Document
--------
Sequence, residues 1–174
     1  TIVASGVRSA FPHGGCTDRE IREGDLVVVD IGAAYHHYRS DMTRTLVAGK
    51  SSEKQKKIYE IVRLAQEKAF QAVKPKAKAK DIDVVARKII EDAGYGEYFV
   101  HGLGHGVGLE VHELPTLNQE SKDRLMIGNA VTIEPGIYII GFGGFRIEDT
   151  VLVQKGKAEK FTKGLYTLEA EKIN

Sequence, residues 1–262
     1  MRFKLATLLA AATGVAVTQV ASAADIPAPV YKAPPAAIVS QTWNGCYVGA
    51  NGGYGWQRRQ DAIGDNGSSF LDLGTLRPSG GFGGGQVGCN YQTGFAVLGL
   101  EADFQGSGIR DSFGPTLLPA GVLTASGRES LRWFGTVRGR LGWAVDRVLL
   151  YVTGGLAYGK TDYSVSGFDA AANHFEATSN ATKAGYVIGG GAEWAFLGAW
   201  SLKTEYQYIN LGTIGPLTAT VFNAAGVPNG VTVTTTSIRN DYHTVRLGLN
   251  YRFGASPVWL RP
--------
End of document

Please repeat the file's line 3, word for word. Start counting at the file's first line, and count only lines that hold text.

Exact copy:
    51  SSEKQKKIYE IVRLAQEKAF QAVKPKAKAK DIDVVARKII EDAGYGEYFV